The so-called “leapfrog” integrator is a numerical method for solving differential equations of the form

where *x* is a function of *t*. Typically *x* is position and *t* is time.

This form of equation is common for differential equations coming from mechanical systems. The form is more general than it may seem at first. It does not allow terms involving first-order derivatives, but these terms can often be eliminated via a change of variables. See this post for a way to eliminate first order terms from a linear ODE.

The leapfrog integrator is also known as the Störmer-Verlet method, or the Newton-Störmer-Verlet method, or the Newton-Störmer-Verlet-leapfrog method, or …

The leapfrog integrator has some advantages over, say, Runge-Kutta methods, because it is specialized for a particular (but important) class of equations. For one thing, it **solves the second order ODE directly**. Typically ODE solvers work on (systems of) first order equations: to solve a second order equation you turn it into a system of first order equations by introducing the first derivative of the solution as a new variable.

For another thing, it is **reversible**: if you advance the solution of an ODE from its initial condition to some future point, make that point your new initial condition, and reverse time, you can step back to exactly where you started, aside from any loss of accuracy due to floating point; in exact arithmetic, you’d return to exactly where you started.

Another advantage of the leapfrog integrator is that it approximately **conserves energy**. The leapfrog integrator could perform better over time compared to a method that is initially more accurate.

Here is the leapfrog method in a nutshell with step size *h*.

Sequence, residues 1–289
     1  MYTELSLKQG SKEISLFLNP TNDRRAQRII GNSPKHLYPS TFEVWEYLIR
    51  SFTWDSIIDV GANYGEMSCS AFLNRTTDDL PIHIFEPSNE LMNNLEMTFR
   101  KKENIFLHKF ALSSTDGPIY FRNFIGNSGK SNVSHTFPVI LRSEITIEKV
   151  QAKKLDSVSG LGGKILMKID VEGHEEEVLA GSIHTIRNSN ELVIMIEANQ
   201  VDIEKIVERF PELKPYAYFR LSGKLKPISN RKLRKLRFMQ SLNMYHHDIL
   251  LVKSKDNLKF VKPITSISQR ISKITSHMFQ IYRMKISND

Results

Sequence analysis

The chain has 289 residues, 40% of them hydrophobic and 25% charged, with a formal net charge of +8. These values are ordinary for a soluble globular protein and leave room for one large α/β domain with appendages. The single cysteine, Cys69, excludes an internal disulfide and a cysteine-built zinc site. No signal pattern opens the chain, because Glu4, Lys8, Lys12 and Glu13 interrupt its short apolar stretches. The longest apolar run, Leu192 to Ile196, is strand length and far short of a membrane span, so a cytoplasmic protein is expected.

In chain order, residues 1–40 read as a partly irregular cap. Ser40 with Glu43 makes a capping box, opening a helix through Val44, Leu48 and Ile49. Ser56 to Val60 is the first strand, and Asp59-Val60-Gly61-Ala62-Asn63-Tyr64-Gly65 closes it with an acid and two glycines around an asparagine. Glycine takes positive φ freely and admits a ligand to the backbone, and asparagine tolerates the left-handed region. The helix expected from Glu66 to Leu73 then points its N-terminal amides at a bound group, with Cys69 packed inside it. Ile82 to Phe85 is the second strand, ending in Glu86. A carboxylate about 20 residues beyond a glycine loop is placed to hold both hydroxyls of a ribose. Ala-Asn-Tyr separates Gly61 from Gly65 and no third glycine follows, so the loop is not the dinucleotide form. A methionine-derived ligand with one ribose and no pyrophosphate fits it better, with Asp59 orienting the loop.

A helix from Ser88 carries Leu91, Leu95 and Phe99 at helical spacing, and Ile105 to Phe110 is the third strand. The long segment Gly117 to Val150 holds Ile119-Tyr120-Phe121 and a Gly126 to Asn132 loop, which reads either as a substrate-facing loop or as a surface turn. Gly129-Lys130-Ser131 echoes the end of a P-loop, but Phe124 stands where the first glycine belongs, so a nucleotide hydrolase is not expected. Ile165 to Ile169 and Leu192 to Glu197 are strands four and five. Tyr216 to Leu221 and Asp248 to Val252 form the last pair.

And here’s a simple Python demo.

import numpy as np import matplotlib.pyplot as plt # Solve x" = f(x) using leapfrog integrator # For this demo, x'' + x = 0 # Exact solution is x(t) = sin(t) def f(x): return -x k = 5 # number of periods N = 16 # number of time steps per period h = 2*np.pi/N # step size x = np.empty(k*N+1) # positions v = np.empty(k*N+1) # velocities # Initial conditions x[0] = 0 v[0] = 1 anew = f(x[0]) # leapfrog method for i in range(1, k*N+1): aold = anew x[i] = x[i-1] + v[i-1]*h + 0.5*aold*h**2 anew = f(x[i]) v[i] = v[i-1] + 0.5*(aold + anew)*h

Here’s a plot of the solution over five periods.

There’s a lot more I hope to say about the leapfrog integrator and related methods in future posts.

There are various variants of Verlet / leapfrog integrator. The one I have encountered most often looks like the following, which looks like Euler integrator on first glance (the equation in the post is velocity Verlet variant)…

v_{i+1/2} = v_{i-1/2} + f(x_{i})*h

x_{i+1} = x_{i} + v_{i+1/2}*h

The above form has the disadvantage in that it needs some other method to start (or otherwise needs help starting the iteration), unless one does not care that it solves the problem with different starting conditions.

I have also stumbled upon a warning that classic Verlet method does not work well with adaptive integration step ‘h’.

I have encountered mentions of Yoshida integrator and Hermite–Obreschkoff method.